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Laryngeal tuberculosis: a rare cause of critical airway obstruction
  1. Abigail Elizabeth Cole1,
  2. Daniel Heaton2,
  3. Ahmed Chekairi1
  1. 1Department of Anaesthetics, Whittington Health NHS Trust, London, UK
  2. 2Department of Anaesthetics, University College London Hospitals NHS Foundation Trust, London, UK
  1. Correspondence to Dr Abigail Elizabeth Cole, acole{at}


Laryngeal tuberculosis (TB) is a rare condition, occurring in less than 1% of patients infected with pulmonary TB. We present a case of a 57-year-old male patient, who presented in extremis with audible stridor, increased work of breathing and cyanosis. In addition, the patient had a complex medical history, including a recent diagnosis of congenital malformation of the epiglottis. Emergency intervention was required to secure the airway, and after initial attempts at intubation were unsuccessful, an emergency tracheostomy was performed. Four days after initial presentation, his sputum tested positive for acid-fast bacilli, and a subsequent CT chest revealed pulmonary as well as laryngeal TB, which was confirmed on biopsy of the larynx. The patient was commenced on a 24-week course of anti-tuberculous treatment and was successfully decannulated 6 months after the emergency airway was established.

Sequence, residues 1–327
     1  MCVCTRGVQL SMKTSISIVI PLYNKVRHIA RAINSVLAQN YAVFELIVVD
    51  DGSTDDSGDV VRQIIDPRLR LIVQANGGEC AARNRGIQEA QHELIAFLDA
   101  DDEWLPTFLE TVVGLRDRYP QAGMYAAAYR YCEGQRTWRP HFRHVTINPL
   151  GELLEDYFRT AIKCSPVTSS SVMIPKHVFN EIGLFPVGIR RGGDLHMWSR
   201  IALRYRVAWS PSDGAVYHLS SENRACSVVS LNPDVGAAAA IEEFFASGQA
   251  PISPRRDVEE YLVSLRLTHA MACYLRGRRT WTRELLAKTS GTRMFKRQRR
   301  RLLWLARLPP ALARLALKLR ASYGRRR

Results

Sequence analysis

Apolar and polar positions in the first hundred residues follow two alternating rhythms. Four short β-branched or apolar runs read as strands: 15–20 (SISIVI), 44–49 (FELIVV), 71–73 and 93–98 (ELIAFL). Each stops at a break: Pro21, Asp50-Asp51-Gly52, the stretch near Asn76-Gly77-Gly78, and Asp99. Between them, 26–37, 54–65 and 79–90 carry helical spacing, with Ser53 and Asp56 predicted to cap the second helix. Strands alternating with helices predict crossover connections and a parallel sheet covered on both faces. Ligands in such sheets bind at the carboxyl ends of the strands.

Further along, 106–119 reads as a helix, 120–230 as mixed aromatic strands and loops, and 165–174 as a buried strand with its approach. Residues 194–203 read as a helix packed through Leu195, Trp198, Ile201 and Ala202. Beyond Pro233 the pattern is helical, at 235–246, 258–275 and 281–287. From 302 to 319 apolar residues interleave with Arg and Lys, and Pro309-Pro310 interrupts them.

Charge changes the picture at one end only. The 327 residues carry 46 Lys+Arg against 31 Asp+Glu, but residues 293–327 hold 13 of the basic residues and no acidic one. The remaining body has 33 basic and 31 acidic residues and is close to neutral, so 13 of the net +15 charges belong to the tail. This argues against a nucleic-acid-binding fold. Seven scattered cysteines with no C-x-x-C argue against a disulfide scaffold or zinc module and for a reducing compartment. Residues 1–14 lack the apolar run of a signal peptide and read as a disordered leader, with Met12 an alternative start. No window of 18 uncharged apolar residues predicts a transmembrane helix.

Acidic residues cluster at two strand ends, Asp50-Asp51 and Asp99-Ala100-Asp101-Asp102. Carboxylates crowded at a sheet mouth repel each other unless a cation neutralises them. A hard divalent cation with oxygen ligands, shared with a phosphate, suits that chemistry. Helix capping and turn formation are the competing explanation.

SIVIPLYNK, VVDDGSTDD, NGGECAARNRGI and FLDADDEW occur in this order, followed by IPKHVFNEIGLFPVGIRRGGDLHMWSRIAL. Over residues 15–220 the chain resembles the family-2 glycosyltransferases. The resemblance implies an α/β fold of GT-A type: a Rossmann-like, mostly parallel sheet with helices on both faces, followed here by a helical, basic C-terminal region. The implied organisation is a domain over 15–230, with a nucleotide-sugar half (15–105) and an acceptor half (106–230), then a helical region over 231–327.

• anaesthesia
  • ear, nose and throat/otolaryngology
  • tb and other respiratory infections
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  • Contributors AEC and DH made substantial contributions to the conception and design of the work. AEC acquired relevant details regarding the case, while DH reviewed current literature. AEC drafted the work and revised it as appropriate. Final approval of the version published was checked by DH and AC. Agreement from all authors has been sought in order to be accountable for all aspects of the work in ensuring that questions related to the accuracy or integrity of any part of the work are appropriately investigated and resolved.

  • Competing interests None declared.

  • Patient consent Obtained.

  • Provenance and peer review Not commissioned; externally peer reviewed.

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